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Keeping the Sabbath

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on_sqWithin the body of  Christ are many differing doctrines and practices that separate and divide. One of these is the practice of worshipping on Saturday. Many of those who keep the Sabbath as their day of worship go so far as to tell the rest of us that we are in danger of losing our salvation if we do not also “keep the Sabbath.” How do we answer them?

First of all, our own opinions will not satisfy their arguments. We must limit our comments to Scripture. Basically, the Bible teaches us quite clearly that Sabbath observance was a part of the legal requirements of the Law. It also teaches us that failure in one point of the law was as good as failure in all points. This leaves us in a tough place since no human that has ever lived ever kept all of the law except Jesus Christ.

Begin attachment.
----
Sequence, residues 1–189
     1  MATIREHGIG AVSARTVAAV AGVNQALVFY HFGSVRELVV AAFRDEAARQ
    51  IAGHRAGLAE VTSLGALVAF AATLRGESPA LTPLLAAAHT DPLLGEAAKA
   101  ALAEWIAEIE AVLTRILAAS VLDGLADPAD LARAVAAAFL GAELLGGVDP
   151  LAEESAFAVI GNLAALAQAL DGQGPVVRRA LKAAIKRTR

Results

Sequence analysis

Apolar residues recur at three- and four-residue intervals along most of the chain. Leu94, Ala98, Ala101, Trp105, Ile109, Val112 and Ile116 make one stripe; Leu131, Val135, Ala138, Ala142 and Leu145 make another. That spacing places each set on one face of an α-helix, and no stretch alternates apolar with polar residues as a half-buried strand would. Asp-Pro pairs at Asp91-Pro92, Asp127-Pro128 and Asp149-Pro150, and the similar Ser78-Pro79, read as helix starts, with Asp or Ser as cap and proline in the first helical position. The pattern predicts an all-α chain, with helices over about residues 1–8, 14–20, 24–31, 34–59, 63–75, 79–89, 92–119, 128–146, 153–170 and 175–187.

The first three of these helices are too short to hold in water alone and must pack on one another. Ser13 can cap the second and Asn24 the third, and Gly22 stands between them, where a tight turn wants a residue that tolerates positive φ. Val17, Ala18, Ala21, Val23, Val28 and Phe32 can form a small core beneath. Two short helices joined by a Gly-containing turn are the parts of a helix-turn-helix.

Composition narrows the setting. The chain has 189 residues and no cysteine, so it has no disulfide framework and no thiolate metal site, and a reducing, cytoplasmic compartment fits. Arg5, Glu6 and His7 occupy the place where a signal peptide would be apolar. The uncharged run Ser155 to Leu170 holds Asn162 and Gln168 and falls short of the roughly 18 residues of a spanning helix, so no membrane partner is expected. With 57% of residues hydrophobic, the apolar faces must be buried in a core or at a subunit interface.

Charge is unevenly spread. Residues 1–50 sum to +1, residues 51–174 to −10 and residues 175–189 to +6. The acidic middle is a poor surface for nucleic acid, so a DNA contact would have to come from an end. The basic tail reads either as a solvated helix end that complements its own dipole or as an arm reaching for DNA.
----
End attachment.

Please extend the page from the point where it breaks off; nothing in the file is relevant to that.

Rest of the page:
Scripture teaches us that Jesus came to fulfill the law, thus freeing us from its requirements. (Matthew 5:17-18)

Keeping the Sabbath was a sign between God and Israel. (Exodus 31:16-17) In Romans 10:16 and Romans 11:11 we see that the

Church is not Israel and Israel is not the Church.

Finally, all of the Epistles of the Apostle Paul make clear that our righteousness is accomplished through our union with Jesus Christ and is based solely on grace towards us: not on our performance. (Titus 3:5)


God’s Sabbath Rest


The controversy over the Sabbath has divided Christians for centuries. Some believe that followers of Jesus Christ are still obligated to keep the Sabbath and others believe that Jesus fulfilled all of the law and, therefore, that obligation is no longer valid. It behooves us to look honestly at this schism in the body of Christ and do our best to understand the purpose of the Sabbath and its place in the church today.